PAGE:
The scarab beetle was one of the most significant religious symbols in ancient Egypt, associated with the mighty sun god, Ra.
The Egyptians viewed the scarab as a symbol of renewal and rebirth. The beetle was associated closely with the sun god because it rolls large balls of dung to lay their eggs, a behavior that the Egyptians thought resembled the progression of the sun through the sky from east to west.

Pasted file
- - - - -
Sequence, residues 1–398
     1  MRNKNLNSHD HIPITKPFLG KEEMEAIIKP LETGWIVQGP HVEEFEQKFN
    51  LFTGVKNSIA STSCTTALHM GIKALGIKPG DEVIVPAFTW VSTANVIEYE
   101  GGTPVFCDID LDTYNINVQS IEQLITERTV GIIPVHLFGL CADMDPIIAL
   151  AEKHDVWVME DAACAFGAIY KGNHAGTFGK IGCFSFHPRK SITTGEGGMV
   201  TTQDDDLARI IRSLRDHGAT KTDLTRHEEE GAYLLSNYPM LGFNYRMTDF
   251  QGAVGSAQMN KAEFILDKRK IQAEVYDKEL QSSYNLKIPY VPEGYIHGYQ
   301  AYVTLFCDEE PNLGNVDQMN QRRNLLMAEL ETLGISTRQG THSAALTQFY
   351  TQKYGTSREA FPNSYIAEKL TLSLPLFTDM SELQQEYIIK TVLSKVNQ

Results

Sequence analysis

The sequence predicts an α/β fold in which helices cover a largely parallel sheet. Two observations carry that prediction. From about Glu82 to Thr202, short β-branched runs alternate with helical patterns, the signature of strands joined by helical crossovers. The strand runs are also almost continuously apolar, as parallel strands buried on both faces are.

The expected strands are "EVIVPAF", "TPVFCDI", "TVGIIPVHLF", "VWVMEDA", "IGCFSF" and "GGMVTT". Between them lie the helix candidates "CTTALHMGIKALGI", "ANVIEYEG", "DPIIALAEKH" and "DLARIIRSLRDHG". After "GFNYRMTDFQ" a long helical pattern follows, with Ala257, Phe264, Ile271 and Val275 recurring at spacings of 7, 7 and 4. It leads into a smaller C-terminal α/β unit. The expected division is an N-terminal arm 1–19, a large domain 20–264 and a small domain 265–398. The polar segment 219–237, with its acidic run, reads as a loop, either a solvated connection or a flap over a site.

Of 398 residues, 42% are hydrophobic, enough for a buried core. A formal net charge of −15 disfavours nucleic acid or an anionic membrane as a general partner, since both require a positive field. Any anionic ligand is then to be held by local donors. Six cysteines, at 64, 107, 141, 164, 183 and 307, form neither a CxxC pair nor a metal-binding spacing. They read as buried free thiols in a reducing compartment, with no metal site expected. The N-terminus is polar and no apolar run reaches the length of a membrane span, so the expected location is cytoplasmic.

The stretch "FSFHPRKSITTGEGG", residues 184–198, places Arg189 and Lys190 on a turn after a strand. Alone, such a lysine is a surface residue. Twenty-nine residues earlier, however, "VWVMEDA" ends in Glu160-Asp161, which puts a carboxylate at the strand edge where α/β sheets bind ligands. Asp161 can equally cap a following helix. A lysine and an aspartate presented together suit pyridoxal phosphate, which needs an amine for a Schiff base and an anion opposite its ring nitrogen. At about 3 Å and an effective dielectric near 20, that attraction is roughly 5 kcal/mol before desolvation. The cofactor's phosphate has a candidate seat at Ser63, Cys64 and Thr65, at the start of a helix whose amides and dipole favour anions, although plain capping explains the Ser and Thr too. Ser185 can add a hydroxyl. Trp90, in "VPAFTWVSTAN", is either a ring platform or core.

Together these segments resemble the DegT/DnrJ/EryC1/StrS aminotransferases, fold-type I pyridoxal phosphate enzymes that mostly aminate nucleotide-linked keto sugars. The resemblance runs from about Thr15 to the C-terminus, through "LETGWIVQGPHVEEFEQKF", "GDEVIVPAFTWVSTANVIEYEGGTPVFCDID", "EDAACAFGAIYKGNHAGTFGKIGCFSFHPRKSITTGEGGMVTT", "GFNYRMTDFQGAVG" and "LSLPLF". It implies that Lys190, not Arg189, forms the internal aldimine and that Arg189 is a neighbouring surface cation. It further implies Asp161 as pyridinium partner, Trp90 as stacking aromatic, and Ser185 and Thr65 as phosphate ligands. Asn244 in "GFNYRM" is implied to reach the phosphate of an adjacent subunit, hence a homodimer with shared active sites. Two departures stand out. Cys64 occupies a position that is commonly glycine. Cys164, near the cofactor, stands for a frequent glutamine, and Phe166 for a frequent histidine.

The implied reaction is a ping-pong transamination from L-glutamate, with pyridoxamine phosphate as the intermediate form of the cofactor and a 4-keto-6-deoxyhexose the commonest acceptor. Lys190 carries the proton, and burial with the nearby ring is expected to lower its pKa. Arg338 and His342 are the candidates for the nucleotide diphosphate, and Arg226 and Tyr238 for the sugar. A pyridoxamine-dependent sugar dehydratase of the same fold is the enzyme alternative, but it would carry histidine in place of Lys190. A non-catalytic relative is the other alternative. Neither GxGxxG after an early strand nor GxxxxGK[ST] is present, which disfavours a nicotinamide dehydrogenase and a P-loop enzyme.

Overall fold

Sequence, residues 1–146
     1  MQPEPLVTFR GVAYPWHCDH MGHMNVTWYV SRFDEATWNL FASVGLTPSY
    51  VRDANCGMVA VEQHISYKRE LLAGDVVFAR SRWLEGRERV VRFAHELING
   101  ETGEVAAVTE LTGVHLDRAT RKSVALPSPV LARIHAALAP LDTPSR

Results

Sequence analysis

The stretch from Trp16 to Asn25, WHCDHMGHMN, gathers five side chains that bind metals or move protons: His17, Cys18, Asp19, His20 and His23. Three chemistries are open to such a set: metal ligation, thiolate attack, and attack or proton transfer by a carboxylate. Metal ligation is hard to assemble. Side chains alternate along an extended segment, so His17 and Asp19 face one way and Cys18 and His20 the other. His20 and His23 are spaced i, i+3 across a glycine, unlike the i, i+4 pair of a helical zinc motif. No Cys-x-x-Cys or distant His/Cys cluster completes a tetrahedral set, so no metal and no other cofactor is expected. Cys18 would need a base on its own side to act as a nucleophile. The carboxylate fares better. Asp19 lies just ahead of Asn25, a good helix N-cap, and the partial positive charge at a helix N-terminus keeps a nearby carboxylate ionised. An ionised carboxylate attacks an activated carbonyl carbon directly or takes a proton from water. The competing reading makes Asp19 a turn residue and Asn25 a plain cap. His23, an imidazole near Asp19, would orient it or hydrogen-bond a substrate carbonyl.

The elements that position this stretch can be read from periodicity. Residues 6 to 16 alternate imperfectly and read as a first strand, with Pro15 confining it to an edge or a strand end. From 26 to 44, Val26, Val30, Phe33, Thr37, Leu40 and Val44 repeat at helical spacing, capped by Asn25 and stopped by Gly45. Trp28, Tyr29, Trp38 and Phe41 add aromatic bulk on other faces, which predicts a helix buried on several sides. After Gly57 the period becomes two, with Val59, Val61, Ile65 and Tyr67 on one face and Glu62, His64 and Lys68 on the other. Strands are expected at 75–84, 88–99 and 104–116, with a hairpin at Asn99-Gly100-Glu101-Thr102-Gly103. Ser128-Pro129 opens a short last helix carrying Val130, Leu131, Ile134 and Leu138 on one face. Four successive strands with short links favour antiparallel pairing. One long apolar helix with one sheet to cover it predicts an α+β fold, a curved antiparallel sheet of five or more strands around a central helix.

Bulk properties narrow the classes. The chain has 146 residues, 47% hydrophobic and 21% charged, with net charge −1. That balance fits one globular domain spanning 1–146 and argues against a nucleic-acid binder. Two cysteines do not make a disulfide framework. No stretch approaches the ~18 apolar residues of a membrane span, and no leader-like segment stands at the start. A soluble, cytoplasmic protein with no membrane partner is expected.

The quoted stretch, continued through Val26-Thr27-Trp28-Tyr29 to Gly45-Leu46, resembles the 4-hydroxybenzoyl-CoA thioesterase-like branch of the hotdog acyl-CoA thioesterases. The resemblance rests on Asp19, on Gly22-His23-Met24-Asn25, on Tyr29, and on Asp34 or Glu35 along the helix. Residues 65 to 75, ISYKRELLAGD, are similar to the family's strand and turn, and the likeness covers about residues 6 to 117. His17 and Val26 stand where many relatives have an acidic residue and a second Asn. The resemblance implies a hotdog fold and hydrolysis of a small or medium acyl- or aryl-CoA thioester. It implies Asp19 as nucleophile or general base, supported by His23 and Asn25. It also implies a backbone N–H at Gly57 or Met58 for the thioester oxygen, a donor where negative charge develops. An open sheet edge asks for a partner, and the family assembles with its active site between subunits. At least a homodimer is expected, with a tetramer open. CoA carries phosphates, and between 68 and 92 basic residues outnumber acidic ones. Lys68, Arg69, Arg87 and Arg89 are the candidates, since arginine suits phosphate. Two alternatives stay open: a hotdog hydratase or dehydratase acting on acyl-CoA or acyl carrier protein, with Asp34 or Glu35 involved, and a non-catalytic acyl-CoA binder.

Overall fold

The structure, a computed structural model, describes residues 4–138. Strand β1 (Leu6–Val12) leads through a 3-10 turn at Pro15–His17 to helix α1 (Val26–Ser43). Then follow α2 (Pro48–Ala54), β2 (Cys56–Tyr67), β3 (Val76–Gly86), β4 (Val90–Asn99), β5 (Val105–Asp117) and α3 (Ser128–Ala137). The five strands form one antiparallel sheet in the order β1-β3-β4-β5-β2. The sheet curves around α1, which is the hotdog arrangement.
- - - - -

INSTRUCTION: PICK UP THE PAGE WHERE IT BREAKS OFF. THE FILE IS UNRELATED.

Its young were hatched from this dung ball. This was seen as an act of spontaneous self-creation, giving the beetle an even stronger link with the Ra’s creative force. The connection between the beetle and the sun was so strong that the sun god was thought to be reborn in the form of a winged scarab beetle every morning when the sun rises. As this young sun god, Khepri, rose in the sky, he brought light and life to the land.